“Creepy,” “macabre,” and “decaying” aren’t necessarily words that you would immediately connect with art, but these are precisely the words that Art Institute staffers used to describe some of the most frightful works in the Art Institute’s collection.
In celebration of Halloween, we asked which pieces are most likely to scare them all year round. Here’s what they said…
Richard Hawkins's disembodied zombie ben green, 1997 (from the current exhibition, Richard Hawkins: Third Mind) seems fitting both for Halloween and for year-round zombie lovers. It's frightening, it's beautiful, and it deals with two of my favorite subjects—male models and decapitation.
—Charles C., Contemporary Art
Picture of Dorian Gray by Ivan Albright
Ivan Albright is meticulous and macabre. And at this time of year, when celebrations like Halloween, Samhain, and Dia de los Muertos incorporate both ethereal and earthly notions into ritual, and the veil between the living and spirit world is thin, there's no better time to view and contemplate life, the material world, death, and the spiritual world as depicted in this larger-than-life painting.
—Karen C., Auxiliary Operations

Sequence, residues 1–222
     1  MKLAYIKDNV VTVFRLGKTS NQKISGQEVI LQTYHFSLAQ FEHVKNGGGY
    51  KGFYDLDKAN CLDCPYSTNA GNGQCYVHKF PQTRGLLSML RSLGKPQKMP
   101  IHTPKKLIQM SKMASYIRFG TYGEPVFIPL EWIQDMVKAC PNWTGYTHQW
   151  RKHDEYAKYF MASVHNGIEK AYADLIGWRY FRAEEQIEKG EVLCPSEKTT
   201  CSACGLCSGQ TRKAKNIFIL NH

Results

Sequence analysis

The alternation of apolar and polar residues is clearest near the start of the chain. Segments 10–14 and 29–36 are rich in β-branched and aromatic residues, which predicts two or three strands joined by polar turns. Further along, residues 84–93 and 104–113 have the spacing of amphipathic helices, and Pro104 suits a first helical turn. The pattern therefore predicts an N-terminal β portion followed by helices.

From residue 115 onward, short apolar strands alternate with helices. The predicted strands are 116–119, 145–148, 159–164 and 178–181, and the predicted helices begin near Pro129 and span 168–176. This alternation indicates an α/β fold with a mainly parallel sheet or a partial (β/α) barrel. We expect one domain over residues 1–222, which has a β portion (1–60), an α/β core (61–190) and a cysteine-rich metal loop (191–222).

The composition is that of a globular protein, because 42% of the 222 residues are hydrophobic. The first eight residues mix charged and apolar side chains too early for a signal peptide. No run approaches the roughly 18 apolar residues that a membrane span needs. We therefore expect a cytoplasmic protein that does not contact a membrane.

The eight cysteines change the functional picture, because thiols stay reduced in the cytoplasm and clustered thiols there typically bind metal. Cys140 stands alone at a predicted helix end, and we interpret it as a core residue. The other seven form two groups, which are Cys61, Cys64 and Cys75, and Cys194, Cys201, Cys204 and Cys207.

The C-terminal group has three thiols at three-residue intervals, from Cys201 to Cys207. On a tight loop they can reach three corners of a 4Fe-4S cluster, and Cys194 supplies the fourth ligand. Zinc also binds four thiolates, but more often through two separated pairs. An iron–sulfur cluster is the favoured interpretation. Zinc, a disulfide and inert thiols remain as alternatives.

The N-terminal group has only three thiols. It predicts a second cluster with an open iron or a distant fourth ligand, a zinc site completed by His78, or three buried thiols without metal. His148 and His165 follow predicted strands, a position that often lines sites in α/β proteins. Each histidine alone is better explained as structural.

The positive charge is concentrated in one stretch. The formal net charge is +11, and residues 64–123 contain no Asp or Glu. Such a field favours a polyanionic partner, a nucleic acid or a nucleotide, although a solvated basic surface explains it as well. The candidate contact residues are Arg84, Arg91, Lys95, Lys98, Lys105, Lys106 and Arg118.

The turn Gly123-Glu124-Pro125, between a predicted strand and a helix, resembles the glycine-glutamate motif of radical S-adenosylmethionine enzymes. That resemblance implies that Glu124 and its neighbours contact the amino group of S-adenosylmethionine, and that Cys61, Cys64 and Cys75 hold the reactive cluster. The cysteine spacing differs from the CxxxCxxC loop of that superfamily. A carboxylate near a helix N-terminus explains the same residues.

Without question, Ivan Albright's Picture of Dorian Gray is the scariest painting in the Art Institute. For starters, it's huge. It towers over you as you approach it, making you feel insignificant. The grotesque rending of the rotting flesh will make your stomach turn. The dark hues of purple and black fill you with a sense of gloom and despair. This definitely would have made Oscar Wilde proud.
—Dan O., Membership & Annual Giving
Head of a Guillotined Man by Géricault
Decaying heads are always creepy.
—Brice K., Auxiliary Board
Milton Dictating to his Daughter by Henry Fuseli
Fuseli defined Gothic Romanticism of the late 18th century, often illustrating macabre scenes from Dante and Shakespeare. Here the poet's eyes roll back into his skull and his face is glazed over as if in a mystical trance. His gaunt face is in such contrast to the peachy skin of his daughter. The haunting aura of this work is supplemented by the red ribbon around the girl's neck, which refers to the many who fell victim to the guillotine during this era.